Contemporary Bespoke Kitchen For A Listed Building By Johnny Grey


By Hayley Gilbert

The designer: Johnny Grey (

The story: The kitchen is part of a 15th century open-hall house. Historically it was floored with wood and heated by a smoke-bay (fireplace), visible at the dining room end. As a cross between a late medieval transitional building and an early modern design, the house retains many of the features of its predecessors. Johnny Grey obtained listed building consent to add a pair of French doors and permission to make an opening in the 16th century screen wall between the two main rooms. This provided the opportunity to create a sociable kitchen to accommodate the owner’s family more effectively.

Designer Q&A:

Q) What was the client’s brief?

The brief was for a modern, sociable, living room kitchen – a family gathering spot for three teenage children and four large dogs. All home activities had to be accommodated, including laptop use for all, a large computer screen and hardwearing furniture, essential to cope with vigorous family use. The design was to be contemporary in style, innovative but distinct, making use of natural light augmented by discreet artificial lighting (bronze fittings) – a challenge because of the prominence of a large number of roof beams in the space. The overall feel was to be warm but modern with activity spread evenly across the newly enlarged two rooms.

Q) Tell us about the unusual island

The Spine central island is a first in our series of revolutionary designs that cater for changing sociable and culinary functions. Flexible work platforms branch out from the long spine to host different activities. These consist of triangular surfaces at either end, some of which are movable. The middle is a three metre high raised height counter made in concrete that accommodates chopping boards with guide bars that can be moved at will. This is designed to be used for extra food preparation or for sociable activities, light meals, drinks, children’s homework – or whatever any member of the family wishes. Bar stools below can be drawn up to allow the surface to function as a desk, helpful for anyone performing a long task, for older people who like to sit down when they cook or younger ones who want to spend time on their screens or (hopefully) doing homework.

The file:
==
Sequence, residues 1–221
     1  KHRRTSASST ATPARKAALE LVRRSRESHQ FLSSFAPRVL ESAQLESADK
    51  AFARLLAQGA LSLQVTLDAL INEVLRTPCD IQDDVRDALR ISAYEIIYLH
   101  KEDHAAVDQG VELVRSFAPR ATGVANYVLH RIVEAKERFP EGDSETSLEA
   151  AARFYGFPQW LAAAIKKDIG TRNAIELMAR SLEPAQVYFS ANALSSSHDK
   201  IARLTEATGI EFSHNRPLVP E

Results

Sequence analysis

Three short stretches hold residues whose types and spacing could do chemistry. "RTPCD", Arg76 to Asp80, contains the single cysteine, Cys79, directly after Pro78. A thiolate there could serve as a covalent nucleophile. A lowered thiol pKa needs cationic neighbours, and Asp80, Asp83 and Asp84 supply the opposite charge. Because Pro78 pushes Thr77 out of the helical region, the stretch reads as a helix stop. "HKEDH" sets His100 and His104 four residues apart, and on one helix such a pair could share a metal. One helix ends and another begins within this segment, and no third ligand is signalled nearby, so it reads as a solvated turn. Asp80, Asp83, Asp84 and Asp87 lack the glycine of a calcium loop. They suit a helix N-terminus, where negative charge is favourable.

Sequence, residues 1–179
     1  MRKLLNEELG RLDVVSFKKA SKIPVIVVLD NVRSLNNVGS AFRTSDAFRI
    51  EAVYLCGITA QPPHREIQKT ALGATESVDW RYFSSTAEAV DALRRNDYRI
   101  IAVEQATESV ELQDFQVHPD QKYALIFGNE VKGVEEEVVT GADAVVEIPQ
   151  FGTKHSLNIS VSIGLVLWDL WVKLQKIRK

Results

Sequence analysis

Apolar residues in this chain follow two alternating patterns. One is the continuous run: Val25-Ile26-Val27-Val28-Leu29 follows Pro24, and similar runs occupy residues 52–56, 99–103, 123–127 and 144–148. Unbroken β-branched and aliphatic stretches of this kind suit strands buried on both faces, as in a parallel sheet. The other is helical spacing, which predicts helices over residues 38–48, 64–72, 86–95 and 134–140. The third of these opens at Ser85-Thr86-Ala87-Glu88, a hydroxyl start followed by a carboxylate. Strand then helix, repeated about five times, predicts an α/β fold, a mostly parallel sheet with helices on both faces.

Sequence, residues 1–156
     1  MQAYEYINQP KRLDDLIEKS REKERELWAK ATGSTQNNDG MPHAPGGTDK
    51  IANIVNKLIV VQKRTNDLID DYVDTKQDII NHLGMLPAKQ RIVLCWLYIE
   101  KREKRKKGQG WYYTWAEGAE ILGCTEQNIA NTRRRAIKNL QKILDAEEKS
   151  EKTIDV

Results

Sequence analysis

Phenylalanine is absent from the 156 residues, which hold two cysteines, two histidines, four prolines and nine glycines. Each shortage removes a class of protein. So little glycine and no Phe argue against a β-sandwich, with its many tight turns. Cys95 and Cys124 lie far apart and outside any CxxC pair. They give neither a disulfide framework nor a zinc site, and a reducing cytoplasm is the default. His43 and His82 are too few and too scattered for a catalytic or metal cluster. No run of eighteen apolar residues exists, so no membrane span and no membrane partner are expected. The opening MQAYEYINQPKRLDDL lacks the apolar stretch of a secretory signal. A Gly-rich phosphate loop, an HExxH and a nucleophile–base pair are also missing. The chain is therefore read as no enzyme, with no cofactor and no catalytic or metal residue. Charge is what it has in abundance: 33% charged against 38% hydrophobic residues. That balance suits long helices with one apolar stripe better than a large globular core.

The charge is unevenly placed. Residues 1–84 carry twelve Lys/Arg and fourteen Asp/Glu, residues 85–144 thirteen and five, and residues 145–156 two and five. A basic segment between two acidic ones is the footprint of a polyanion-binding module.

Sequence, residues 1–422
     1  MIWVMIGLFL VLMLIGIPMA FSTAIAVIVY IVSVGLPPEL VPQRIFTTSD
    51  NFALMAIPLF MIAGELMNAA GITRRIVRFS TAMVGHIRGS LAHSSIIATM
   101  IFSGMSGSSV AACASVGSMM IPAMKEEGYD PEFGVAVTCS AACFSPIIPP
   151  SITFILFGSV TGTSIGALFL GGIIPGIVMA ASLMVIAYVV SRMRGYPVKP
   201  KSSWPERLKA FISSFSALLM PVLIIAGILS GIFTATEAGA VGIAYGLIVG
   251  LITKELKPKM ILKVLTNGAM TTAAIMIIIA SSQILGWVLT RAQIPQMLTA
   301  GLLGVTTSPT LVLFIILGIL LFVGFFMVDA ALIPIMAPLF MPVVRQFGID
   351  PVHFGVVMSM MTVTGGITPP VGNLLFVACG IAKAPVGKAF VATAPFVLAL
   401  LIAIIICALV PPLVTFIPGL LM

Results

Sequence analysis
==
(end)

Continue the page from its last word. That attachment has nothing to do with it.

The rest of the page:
The culinary triangle end incorporates cabinets – one for cooking containing a hob and oven, the other, below an end-grain block, for storage of pots and pans. At the opposite end nearer the dining table, a wooden column with a steel inner core connected to thin discs supports a series of cantilevered propeller-style arms that at a lower level act as stools. These can be positioned to line up with a high-level table triangle for perching. Both surfaces are made of walnut and are big enough to use for homework or as a servery.

Q) And the sink cabinet and wall cupboard?

Here there are two countertop levels, one for washing up and one for back-up preparation. A large American Belfast sink in stainless steel with a curved front informs the geometry of the elevation. Raised height dishwashers from Fisher and Paykel flank it on both sides. The woods featured are Mazur birch panels with cherry frames that complement the colour in the dark markings of the birch. The draining boards are made in Iroko with black matt granite on the lower level.

Alex Zdankowicz tiles were integral to the design of the sink cabinet wall. He used an iridescent, pearl lustreware glaze to add interest and reflect light – the only natural light in the room is directly behind the sink cabinet. A pair of wall cabinets with rounded edges fit into the aesthetic of Alex’s tiles. They are designed for condiments, cups and glasses.

Q) What elements do you think make the scheme so successful?

The most striking feature in the kitchen is the presence of two inglenook fireplaces, as well as the original ceiling beams and walls being intact. Because of the building’s Grade 2 listing the architectural fabric could not be disturbed. We were able to preserve the inglenook fireplace untouched at the same time as providing urgently needed storage in the same position by designing a freestanding structure. The form of this is inspired by the shape an egg, a sputnik, and an armadillo. Its oval shape offers maximum storage combined with the pleasure of strong, pure, and free-flowing geometry, whilst still allowing sight of the inglenook’s timeworn bricks on the floor and walls. Putting the egg on legs also provided an opportunity to create dramatic lighting. For extra tactile interest we made its sides out of indented scoops of solid maple, a nod towards an armadillo’s skin. The cabinet has a pull-up door and a pull-out marble surface so that a food mixer and other small appliances can be used in situ. There is storage either side for crockery and cooking equipment in two cupboards hinged on the vertical edge.

The details:

Interior fittings by Blum,

Appliances by Wolf, Sub-Zero, Fisher & Paykel, and

Sink by Kraus,

Taps by Abode and Quooker, and

Lighting by Mark Jackson Lighting Design,

Tiles by Alex Zdankowicz,

Hayley loves: how Johnny has designed an ultra practical kitchen that’s eye-catching and contemporary while still being in keeping with the heritage of the building

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About Hayley Gilbert

Hayley Gilbert is a freelance interiors journalist with 20 years’ experience in the industry. Specialising in all things kitchens, Hayley has contributed to a wide range of consumer titles such as Beautiful Kitchens, EKBB, KBB, Grand Designs, House Beautiful and Ideal Home, as well as national newspapers including The Sunday Times.... @HaylGilbert /

  Email:  Hayley Gilbert


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